I had a lumpectomy and radiation therapy for breast cancer in 1984. I was nauseous after the surgery but that passed quickly. I was frustrated when I couldn’t raise my arm to wash my hair. That may have been the day after surgery. I’m not sure. I had some pain in my arm but not for long. I was annoyed by the limited range of motion in my arm but got over that fast with time and exercise. I didn’t feel anything with radiation although it made me very tired and hungry. I ate ravenously and still lost weight.

    Obviously we are all different and the cancer I had was very treatable because I discovered it at an early stage, but I seriously doubt that my experience is that unusual. It is certainly far better than what I’m sure I would have experienced without treatment or with any of the alt therapies out there.

    Scientific medicine does not cure all cancers. Neither does it claim to, but it does cure many and there are lots of us alive today because of surgery, radiation and chemotherapy and lots of us who don’t think that those treatments were all that bad.

  12. pmoran says:

    Pec, you are potentially a very valuable contributor to this blog, because you display the kind of thinking that we critics of cancer quackery have to try and understand.

    Tell me, how is it that you “have no opinion” on the Gonzales method after all that you have read here? Do you *still* find Gonzales’ Pilot study convincing, or do you simply mistrust anything that skeptics say?

    Also, if the present study of Goinzales method revealed that no patient went into remission with it and lengths of survival were about what you might expect without treatment, would that change your opinion, or would you mistrust those results, too?

    And what do you mean when you say that the conventional approach to cancer is a “complete failure”. Do you have personal knowledge of the overall results of the present treatment of cancer, did you read this somewhere, do you happen to know some patients who fared badly, or is this another manifestation of a general mistrust of the imainstream?

    I personally look forward to the results of the Gonzales arm of this trial because I believe (if properly performed — a bit uncertain) it will show all cancers progressing quite rapidly despite his treatment. That information will be useful to a lot cancer patients. I am, like you, not yet convinced that we should ignore questions that they might like to see answered.

  13. daedalus2u says:

    The Gonzales regime is something that could easily be done in animals. It would be cheaper, faster and could use enough animals to show statistical significance. Tumors could be implanted or injected so that all animals are the “same”. Animals could be sorted at a certain stage of progression so the comparison of control vs. treatment groups would be excellent.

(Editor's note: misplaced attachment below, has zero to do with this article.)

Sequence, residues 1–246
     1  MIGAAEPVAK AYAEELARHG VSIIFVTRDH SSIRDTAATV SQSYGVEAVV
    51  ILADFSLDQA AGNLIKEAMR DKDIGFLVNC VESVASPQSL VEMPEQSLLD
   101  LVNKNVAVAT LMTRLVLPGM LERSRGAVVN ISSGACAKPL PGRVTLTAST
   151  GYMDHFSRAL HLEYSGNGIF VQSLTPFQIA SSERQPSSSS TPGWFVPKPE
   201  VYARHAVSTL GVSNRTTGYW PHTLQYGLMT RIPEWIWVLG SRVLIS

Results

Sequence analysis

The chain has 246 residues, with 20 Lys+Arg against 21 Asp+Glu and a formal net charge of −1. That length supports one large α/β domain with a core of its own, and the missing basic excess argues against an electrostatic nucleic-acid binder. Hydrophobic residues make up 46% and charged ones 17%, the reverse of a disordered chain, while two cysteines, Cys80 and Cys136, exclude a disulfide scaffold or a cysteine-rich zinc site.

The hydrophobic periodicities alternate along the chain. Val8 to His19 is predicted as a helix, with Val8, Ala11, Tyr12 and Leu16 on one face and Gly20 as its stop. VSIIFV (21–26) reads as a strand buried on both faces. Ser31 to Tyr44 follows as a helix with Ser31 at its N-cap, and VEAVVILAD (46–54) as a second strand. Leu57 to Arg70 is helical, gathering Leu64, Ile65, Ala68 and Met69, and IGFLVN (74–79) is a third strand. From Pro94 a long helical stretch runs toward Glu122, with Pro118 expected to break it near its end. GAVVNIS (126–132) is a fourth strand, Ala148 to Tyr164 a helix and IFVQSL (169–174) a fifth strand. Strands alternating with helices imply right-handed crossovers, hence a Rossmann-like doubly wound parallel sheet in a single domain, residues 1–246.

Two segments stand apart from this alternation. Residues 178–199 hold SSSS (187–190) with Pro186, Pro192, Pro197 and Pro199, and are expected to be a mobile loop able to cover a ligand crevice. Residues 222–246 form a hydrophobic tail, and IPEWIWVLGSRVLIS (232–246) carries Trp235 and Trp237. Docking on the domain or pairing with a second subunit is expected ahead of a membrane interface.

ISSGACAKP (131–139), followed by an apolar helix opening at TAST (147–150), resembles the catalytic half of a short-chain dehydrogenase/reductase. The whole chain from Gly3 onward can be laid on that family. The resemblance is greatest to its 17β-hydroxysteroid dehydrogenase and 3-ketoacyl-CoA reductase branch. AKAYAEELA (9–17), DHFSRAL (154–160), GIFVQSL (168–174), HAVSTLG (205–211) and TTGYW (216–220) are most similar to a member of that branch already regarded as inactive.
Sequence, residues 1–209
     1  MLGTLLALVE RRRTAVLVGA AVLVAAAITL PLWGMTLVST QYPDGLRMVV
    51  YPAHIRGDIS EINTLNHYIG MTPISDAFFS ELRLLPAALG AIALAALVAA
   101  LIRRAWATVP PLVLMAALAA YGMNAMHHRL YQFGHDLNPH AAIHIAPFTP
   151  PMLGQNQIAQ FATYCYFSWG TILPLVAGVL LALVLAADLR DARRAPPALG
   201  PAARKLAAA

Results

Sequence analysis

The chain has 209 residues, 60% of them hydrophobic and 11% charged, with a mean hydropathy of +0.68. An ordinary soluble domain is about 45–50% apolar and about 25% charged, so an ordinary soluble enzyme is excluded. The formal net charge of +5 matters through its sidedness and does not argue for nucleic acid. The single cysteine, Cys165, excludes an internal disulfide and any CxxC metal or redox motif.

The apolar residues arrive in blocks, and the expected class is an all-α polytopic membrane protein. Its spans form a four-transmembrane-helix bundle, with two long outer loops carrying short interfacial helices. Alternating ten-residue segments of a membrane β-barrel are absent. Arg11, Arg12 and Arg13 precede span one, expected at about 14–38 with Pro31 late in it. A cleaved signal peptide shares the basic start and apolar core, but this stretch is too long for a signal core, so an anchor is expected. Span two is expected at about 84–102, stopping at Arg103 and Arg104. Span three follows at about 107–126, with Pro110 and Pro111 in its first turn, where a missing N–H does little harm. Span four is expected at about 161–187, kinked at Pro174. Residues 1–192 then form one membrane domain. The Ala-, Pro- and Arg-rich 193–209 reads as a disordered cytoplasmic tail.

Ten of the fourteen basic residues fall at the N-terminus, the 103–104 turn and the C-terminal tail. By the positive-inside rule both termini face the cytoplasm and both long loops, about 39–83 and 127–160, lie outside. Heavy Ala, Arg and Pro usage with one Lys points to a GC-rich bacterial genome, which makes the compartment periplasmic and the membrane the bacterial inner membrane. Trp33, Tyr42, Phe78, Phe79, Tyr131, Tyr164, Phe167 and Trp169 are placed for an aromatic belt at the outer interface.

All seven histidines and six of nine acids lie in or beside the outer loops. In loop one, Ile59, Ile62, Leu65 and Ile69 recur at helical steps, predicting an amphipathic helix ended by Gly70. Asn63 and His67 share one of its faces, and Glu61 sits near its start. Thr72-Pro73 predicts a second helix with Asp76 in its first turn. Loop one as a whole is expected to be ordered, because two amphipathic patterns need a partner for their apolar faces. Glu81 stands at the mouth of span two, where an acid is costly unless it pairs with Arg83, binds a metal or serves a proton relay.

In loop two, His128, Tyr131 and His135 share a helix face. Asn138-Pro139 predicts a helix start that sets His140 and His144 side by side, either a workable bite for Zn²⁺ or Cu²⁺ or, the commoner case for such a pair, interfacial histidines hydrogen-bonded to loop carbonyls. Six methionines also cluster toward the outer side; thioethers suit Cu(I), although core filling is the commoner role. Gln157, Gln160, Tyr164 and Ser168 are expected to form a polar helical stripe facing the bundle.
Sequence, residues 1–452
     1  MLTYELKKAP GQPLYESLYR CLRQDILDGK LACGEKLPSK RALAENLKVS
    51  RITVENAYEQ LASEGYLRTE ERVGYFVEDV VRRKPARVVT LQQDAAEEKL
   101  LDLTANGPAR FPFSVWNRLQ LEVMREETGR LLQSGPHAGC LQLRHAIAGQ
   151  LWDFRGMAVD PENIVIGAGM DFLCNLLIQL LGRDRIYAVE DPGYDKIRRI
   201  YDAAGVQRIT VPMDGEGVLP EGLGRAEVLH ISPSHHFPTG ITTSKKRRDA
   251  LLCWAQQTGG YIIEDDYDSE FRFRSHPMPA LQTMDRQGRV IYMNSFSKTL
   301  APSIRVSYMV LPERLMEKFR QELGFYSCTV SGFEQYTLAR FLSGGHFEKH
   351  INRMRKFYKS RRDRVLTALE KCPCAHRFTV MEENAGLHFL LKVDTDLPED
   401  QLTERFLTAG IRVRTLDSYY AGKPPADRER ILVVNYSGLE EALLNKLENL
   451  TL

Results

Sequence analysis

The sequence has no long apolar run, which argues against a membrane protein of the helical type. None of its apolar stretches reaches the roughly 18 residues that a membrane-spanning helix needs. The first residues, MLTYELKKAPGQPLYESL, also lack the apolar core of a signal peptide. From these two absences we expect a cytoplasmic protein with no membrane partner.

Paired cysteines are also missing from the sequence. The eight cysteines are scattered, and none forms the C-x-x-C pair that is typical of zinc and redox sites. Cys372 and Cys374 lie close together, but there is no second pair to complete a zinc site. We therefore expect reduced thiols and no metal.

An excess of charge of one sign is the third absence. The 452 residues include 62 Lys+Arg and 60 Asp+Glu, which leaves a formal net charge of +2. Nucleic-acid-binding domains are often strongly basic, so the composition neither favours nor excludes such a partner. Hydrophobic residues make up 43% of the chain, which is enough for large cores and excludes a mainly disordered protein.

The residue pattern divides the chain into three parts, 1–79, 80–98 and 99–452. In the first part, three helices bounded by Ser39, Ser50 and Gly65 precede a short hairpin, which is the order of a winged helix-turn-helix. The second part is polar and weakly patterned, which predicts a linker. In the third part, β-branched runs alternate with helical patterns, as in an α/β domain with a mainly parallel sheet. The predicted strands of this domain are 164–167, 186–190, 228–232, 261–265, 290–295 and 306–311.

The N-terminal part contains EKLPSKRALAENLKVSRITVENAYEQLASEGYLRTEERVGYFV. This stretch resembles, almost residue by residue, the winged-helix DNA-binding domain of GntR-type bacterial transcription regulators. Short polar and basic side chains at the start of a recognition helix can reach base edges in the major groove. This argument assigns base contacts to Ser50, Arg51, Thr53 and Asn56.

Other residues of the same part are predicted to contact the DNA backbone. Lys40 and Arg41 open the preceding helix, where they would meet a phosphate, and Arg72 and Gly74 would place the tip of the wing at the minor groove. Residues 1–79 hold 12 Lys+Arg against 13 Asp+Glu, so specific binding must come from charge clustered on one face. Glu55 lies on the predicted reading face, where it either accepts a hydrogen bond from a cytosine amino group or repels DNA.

Why hasn’t it been tested in animals first?

    I know the answer; desperate patients don’t pay for research on animals that won’t produce results before they are likely to die. A negative result in animal research won’t allow testing to progress to humans where patients will pay for it.

  14. David Gorski says:

    Excellent question and observation.

  15. pec,

    Dr. Moran has more patience with you than do I, but I worry that some of your erroneous assertions, if left unanswered, will be assumed to be true by others who lack medical knowledge, possibly to their detriment or to the detriment of their friends or family. Pancreatic cancer is a common disease. Therefore you get a detailed response, and I hope this is the last time that it will be necessary. Above you write:

    “What is wrong with continuing research on this regimen? There are reasons to think it might help some patients, and it probably can’t be any worse than conventional cancer treatments, which are WELL KNOWN to be horrible.”

    Each of those points has been asked and answered in this 5-part blog (please do your homework):

    1. There are no reasons to think the “Gonzalez regimen” works. It’s “theory,” having been born prior to any knowledge of molecular genetics, has nothing to do with what cancer is: a genetically stable change in cell division and other cell characteristics. It is filled with other ridiculous claims, eg, proteolytic enzymes are absorbed in appreciable quantities through the GI tract, then somehow know to go straight to the cancer cells to kill them, without wreaking havoc elsewhere; “toxins” can be measured by hair analysis and flushed out of the body by coffee enemas–even if this were true, which it is not, it would have no effect on cancer.

    At the time the study began, there were no animal studies to support it, contrary to your assertion. Since then there has been one study in mice (not “some”) that looked only at pancreatic enzymes, not at coffee enemas and the rest. It is touted by Gonzalez but is not, in fact, supportive of his regimen. It’s authors concluded that the difference between the two groups was due to better nutrition for the mice in the treatment arm. See: http://www.dr-gonzalez.com/mice04.htm
    This does not translate to humans because human patients need not be deprived of rational nutrition, whereas it’s easy to see that Ms. Gurney’s friend was deprived of exactly that. It is likely that the combination of coffee enemas and the >100 other pills/day, fruit juices, and the rest (not in the mouse study, remember) caused such diarrhea that he had little useful absorption of nutrients from his GI tract.

    Gonzalez’s case series, to which you linked as if this blog had ignored it, is useless for reasons discussed at length in the blog and on Dr. Moran’s own website.